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Synthesizing Vehicle Cornering Modes for Energy Consumption Analysis
Fedor, Craig Steven
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Automotive vehicle manufacturers have been facing increased pressures from legislative bodies and consumers to reduce the fuel consumption and harmful emissions of their newly produced vehicles as a result of new research showing the detrimental effects these emissions have on the environment. These pressures are encouraging manufactures and researchers to invest billions of dollars into the development of new advanced vehicle technologies. Some of these investments have resulted in substantial progress in powertrain technologies that have led to the preliminary adoption of electrified powertrain vehicles. Other areas of research are actively working to reduce the energy consumption of a vehicle, regardless of its powertrain, by influencing driver behavior and by optimizing the way a vehicle travels between an origin and destination. This intelligent vehicle routing is done by analyzing a range of possible routes and selecting the route that consumes the least amount of fuel. An accurate method for predetermining vehicle energy expenditure along a given route before it is driven is needed to effectively implement intelligent vehicle routing systems. One common method is the generation of a road network-wide database with energy use figures for each section of road. This method requires expensive experimentation trials or network simulation software. Individual-level vehicle predictive energy estimation eliminates the need for costly fuel use generation by utilizing vehicle velocity generation techniques and vehicle powertrain models. Estimation of individual vehicle energy consumption along a route is done by identifying an origin-destination pair, detecting required full-stops along the path, and synthesizing multiple stop-to-stop velocity modes between each set of stops. The resulting velocity profile is paired with a specific vehicle powertrain model to determine fuel consumption. A drawback of this route generation technique is that the vehicle path is assumed to be one-dimensional and lacks inclusion of road curves and their associated velocity changes to maintain passenger comfort. This thesis evaluates the merit of discounting road curves in predictive vehicle energy consumption analyses and presents a technique for modeling common road corners that require velocity changes to limit passenger discomfort. The resulting corner synthesis method is combined with a validated vehicle powertrain model to complete full route consumption modeling. Two routes, an urban and highway, are modeled and driven to evaluate the accuracy of the full simulation model when compared with on-road data. The results show that corners can largely be ignored during energy consumption analysis for highways. The cornering effects on a vehicle during urban driving, however, should be included in urban route analyses with multiple road curves. Inclusion of the cornering effects during an example urban route analysis decreased the error between the on-road consumption data and the simulation results.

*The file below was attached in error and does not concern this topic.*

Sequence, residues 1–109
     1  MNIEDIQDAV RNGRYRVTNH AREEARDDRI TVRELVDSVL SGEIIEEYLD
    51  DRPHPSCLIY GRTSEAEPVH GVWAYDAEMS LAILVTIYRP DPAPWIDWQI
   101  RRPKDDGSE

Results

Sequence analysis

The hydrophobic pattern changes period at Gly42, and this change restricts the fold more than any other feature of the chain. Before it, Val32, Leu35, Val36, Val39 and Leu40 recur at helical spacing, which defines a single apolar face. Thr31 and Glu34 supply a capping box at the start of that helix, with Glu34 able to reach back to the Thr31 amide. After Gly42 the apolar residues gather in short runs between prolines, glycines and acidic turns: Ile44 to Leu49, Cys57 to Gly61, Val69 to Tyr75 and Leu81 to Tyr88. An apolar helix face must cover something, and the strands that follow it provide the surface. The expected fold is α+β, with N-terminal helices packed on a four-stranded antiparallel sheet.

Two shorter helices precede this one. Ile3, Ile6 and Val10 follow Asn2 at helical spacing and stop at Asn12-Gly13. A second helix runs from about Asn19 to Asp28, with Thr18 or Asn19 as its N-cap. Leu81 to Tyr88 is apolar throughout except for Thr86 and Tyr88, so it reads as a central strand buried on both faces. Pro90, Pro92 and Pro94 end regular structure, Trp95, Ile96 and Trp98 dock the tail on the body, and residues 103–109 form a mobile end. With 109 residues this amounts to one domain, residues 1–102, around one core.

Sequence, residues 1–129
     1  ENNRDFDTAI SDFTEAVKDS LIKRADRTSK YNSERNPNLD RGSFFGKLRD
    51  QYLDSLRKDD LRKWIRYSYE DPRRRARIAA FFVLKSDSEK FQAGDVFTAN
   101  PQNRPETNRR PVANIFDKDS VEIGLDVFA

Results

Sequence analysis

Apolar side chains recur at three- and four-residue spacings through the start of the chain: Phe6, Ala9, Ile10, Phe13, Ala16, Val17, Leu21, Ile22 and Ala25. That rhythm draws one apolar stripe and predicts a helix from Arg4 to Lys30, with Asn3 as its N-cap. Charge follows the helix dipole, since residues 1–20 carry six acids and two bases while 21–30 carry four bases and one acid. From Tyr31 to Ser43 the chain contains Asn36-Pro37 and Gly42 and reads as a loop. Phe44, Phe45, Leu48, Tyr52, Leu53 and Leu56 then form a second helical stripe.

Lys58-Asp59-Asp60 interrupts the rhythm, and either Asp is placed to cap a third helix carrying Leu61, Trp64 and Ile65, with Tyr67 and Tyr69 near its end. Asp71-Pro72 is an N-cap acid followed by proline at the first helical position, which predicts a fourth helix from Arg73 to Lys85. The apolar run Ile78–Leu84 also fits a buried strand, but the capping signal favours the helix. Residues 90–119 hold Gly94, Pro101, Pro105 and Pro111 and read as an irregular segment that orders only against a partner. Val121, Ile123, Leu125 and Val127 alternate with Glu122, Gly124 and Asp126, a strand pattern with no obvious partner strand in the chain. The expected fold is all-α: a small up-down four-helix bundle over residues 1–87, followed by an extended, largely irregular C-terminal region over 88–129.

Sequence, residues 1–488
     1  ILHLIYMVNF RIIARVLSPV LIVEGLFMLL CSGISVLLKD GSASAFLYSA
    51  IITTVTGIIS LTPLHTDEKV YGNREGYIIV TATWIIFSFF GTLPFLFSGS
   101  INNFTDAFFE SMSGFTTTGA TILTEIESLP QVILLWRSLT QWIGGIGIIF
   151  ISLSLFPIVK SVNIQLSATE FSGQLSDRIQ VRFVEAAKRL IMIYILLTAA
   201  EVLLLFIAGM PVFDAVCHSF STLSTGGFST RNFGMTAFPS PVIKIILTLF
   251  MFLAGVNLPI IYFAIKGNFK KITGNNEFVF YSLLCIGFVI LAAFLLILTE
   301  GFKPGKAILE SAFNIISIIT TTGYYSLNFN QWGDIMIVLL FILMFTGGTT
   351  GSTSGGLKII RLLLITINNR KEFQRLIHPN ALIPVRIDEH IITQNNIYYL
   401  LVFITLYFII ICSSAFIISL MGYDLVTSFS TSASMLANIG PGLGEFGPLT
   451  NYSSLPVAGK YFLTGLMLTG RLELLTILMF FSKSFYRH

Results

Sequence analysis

- Masters Theses